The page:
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in afghanistan. the soldiers showed extraordinary bravery and professionalism in recovering all of those casualties, it is clear that mohammed would not survive without them. on the other hand, the mission itself to capture that heavy machine-gun had to be abandoned, and even today, the threat from ied's and snipers is so intense and in that area, just a few hundred yards from the patrol base, it is bitterly contested still. >> britain, like the rest of europe, has been grappling with state budgets. the government believes in what it calls the "great society." is an idea of what helping the local -- for an idea of what helping the local company -- local communities by volunteering might mean, we volunteered. >> ♪ the clouds will soon roll
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by ♪ >> ♪ we must all stick together all stick together and the clubs will soon roll by -- clouds will soon roll by ♪ >> quite sunny periods -- quite sunny. in a year on holiday. we have come to the suspects riviera -- sussex riviera for a unique experiment. we will see of the government's idea of a great society has a chance. dominating this corner, the imposing bulk of the former queen's hotel. generations of hastings couples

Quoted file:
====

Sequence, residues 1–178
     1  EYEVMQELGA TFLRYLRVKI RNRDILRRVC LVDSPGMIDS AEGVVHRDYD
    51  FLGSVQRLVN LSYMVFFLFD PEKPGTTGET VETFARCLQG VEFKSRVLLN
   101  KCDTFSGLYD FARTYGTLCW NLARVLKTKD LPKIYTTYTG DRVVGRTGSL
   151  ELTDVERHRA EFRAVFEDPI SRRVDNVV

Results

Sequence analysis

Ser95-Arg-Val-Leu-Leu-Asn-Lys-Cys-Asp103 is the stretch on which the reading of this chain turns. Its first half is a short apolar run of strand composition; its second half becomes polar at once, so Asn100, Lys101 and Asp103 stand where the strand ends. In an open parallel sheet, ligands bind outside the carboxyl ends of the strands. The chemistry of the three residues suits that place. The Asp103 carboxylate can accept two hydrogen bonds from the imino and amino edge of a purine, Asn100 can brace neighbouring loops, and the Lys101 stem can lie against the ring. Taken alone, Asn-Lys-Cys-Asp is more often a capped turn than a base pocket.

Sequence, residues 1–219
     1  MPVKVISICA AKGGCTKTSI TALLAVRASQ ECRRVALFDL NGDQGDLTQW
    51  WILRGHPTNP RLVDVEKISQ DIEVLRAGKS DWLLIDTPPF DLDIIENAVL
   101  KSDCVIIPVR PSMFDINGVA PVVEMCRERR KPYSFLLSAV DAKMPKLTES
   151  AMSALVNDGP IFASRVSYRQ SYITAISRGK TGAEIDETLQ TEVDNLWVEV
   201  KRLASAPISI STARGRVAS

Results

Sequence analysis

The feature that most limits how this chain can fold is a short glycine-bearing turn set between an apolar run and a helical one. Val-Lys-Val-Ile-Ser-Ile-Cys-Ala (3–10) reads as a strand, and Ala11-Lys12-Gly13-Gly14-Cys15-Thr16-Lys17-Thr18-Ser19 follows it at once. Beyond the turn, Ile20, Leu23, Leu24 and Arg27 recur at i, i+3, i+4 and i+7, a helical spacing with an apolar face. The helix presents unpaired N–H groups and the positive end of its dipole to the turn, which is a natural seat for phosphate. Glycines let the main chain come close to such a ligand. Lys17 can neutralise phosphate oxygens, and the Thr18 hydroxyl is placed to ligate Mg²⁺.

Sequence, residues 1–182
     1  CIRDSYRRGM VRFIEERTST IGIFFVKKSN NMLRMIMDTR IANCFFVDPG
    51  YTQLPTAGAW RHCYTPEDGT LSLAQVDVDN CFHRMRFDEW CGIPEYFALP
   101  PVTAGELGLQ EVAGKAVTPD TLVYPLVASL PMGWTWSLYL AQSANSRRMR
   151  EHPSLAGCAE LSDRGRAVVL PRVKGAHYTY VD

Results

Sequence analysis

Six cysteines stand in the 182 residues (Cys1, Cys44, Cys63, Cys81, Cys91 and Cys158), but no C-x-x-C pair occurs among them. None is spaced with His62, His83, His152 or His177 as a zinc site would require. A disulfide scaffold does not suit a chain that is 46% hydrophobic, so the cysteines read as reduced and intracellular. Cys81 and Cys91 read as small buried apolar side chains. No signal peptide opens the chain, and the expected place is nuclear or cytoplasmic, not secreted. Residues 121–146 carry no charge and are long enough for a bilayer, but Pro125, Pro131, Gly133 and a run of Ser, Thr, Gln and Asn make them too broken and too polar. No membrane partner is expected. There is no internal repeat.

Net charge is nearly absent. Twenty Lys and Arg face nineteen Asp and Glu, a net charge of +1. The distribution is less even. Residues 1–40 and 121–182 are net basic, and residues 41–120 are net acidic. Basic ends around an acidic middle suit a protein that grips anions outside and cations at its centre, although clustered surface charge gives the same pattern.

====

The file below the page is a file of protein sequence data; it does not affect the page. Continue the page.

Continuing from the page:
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once trod the parquet of its elegant ballroom. this is the ballroom today. still frequented by young men and women of the town, except now it is run by volunteers. this is the place to get it right on the sexual help. or to do the washing, get a freshly-cooked meal for the kids. >> are you ready for some hardware -- hard-core request action? are you sure? >> of harsh lesson for me at the ping-pong table from the center 's boss. at least it is a distraction from his money worries. the center is supported by charitable donations, but it is having trouble paying the rent. that is because they used to least these prints out to a primary healthtrust, but the trust has had to give them up as
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a result of spending cuts. >> and we are left holding the baby, if you like. >> what do you do? >> our job is to make sure that this kind of service continues. >> the extract center here has me thinking about volunteering, about giving something back. i decided to go straight to the top in hastings and see the leader of the council. here is mine cv. >> what do you do? >> i am a journalist. >> well, we have some projects. we are trying to look out here. >> what do you think i would be suited for? >> what about docking the roundabout on the seafront? >> that sounds good. what are the hours?